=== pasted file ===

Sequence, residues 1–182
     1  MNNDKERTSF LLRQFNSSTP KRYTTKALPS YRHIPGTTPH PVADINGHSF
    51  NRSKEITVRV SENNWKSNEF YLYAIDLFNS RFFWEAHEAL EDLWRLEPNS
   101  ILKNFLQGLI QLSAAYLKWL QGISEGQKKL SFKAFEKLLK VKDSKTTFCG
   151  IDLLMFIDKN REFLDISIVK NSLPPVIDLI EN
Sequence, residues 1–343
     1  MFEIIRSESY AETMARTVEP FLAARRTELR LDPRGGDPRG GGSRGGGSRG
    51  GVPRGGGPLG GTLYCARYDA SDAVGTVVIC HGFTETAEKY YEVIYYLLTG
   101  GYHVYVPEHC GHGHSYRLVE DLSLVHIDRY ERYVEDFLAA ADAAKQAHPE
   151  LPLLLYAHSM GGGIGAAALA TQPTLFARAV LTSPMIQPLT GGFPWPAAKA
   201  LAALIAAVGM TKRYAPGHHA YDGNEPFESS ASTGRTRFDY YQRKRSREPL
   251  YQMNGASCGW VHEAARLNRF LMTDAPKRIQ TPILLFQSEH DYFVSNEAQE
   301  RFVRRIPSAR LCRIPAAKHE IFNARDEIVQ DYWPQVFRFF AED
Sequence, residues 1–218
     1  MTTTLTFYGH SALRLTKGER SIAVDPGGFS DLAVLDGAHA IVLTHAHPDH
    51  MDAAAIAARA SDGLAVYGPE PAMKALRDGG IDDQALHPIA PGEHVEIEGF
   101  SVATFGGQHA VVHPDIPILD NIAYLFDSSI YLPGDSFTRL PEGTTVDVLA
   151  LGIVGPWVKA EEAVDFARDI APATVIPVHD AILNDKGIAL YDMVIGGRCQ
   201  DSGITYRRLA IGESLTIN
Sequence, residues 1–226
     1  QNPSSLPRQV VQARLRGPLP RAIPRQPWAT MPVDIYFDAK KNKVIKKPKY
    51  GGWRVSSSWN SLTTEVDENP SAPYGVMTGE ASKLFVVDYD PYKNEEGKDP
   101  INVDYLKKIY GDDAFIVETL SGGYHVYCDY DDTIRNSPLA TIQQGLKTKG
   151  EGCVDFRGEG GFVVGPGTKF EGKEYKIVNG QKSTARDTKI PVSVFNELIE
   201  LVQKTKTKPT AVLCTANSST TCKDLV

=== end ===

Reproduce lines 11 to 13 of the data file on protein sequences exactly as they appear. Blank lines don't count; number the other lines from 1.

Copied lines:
   201  LAALIAAVGM TKRYAPGHHA YDGNEPFESS ASTGRTRFDY YQRKRSREPL
   251  YQMNGASCGW VHEAARLNRF LMTDAPKRIQ TPILLFQSEH DYFVSNEAQE
   301  RFVRRIPSAR LCRIPAAKHE IFNARDEIVQ DYWPQVFRFF AED